Substance Abuse Prevention
Marijuana affects brain development
When people begin using marijuana as teenagers, the drug may impair thinking, memory, and learning functions and affect how the brain builds connections between the areas necessary for these functions. Researchers are still studying how long marijuana’s effects last and whether some changes may be permanent.
For example, a study from New Zealand conducted in part by researchers at Duke University showed that people who started smoking marijuana heavily in their teens and had an ongoing marijuana use disorder lost an average of 8 IQ points between ages 13 and 38. The lost mental abilities didn’t fully return in those who quit marijuana as adults. Those who started smoking marijuana as adults didn’t show notable IQ declines. 
The popularity of edibles also increases the chance of harmful reactions. Edibles take longer to digest and produce a high. Therefore, people may consume more to feel the effects faster, leading to dangerous results.
Points to remember
- Marijuana refers to the dried leaves, flowers, stems, and seeds from the Cannabis Sativa or Cannabis Indica plant.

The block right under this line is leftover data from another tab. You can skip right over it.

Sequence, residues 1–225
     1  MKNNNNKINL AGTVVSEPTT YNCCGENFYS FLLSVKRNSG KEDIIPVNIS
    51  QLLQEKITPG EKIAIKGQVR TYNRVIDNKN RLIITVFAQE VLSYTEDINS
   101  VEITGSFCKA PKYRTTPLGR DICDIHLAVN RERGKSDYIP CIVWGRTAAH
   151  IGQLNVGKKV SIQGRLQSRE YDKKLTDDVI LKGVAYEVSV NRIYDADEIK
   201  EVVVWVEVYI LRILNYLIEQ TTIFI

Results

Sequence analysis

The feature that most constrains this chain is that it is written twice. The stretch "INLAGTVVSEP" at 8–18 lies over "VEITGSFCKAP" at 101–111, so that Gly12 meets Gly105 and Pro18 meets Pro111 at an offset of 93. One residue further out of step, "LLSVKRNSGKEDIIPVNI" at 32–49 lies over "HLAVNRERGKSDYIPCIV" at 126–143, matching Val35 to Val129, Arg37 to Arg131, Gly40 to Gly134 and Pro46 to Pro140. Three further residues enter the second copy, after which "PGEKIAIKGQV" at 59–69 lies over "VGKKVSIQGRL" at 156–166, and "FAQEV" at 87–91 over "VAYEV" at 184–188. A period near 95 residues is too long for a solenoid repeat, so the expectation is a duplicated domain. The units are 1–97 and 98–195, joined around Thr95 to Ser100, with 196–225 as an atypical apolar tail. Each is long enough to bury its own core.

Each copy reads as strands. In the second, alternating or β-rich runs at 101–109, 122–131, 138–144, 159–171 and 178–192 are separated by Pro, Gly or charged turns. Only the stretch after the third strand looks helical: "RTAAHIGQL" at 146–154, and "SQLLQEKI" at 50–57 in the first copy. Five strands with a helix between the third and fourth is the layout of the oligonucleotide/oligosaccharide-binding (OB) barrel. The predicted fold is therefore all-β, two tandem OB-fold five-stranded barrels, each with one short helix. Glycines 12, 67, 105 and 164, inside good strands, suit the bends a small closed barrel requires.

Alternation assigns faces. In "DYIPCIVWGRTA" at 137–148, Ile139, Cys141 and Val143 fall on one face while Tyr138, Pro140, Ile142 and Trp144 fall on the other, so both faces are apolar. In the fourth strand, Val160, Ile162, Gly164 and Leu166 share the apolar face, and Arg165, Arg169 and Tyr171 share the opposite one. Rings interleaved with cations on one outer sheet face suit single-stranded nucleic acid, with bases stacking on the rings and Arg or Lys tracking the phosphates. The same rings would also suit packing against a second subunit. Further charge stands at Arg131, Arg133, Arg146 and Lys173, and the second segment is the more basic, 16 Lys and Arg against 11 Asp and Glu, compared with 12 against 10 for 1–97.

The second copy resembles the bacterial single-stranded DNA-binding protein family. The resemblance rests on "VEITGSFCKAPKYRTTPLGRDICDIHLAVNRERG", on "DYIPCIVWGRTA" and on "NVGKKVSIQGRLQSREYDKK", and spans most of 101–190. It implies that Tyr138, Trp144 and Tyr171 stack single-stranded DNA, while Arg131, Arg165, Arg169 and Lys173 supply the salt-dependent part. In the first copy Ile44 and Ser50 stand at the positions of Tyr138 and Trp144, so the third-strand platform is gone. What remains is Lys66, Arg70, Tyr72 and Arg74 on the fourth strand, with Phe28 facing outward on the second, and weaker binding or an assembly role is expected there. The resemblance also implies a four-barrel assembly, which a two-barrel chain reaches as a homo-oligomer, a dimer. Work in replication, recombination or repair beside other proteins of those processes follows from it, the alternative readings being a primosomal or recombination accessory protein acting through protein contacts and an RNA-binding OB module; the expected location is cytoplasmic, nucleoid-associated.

- Marijuana contains the mind-altering chemical THC and other related compounds.
- People use marijuana by smoking, eating, drinking, or inhaling it.
- THC over-activates certain brain cell receptors, resulting in effects such as:
- altered senses
- changes in mood
- impaired body movement
- difficulty with thinking and problem-solving
- impaired memory and learning
- Marijuana use can have a wide range of health effects, including:
- hallucinations and paranoia
- breathing problems
- possible harm to a fetus’s brain in pregnant women
- There aren’t any reports of teens and adults dying from using marijuana alone, but marijuana use can cause some very uncomfortable side effects, such as anxiety and paranoia and, in rare cases, extreme psychotic reactions.
- Marijuana use can lead to a substance use disorder, which can develop into an addiction in severe cases.
- No medications are currently available to treat marijuana use disorder, but behavioral support can be effective.
Gang Alternative, Inc. operates the Youth Excellence Program, the Urban Partnership Drug-Free Community Coalition, and the Urban Partnership for Success Collaborative to reduce substance use and abuse in our community.
Information provided from the National Institute on Drug Abuse.
Go to https://www.drugabuse.gov/publications/drugfacts/marijuana to learn more.
 Meier MH, Caspi A, Ambler A, et al. Persistent cannabis users show neuropsychological decline from childhood to midlife. Proc Natl Acad Sci U S A. 2012;109(40):E2657-E2664. doi:10.1073/pnas.1206820109.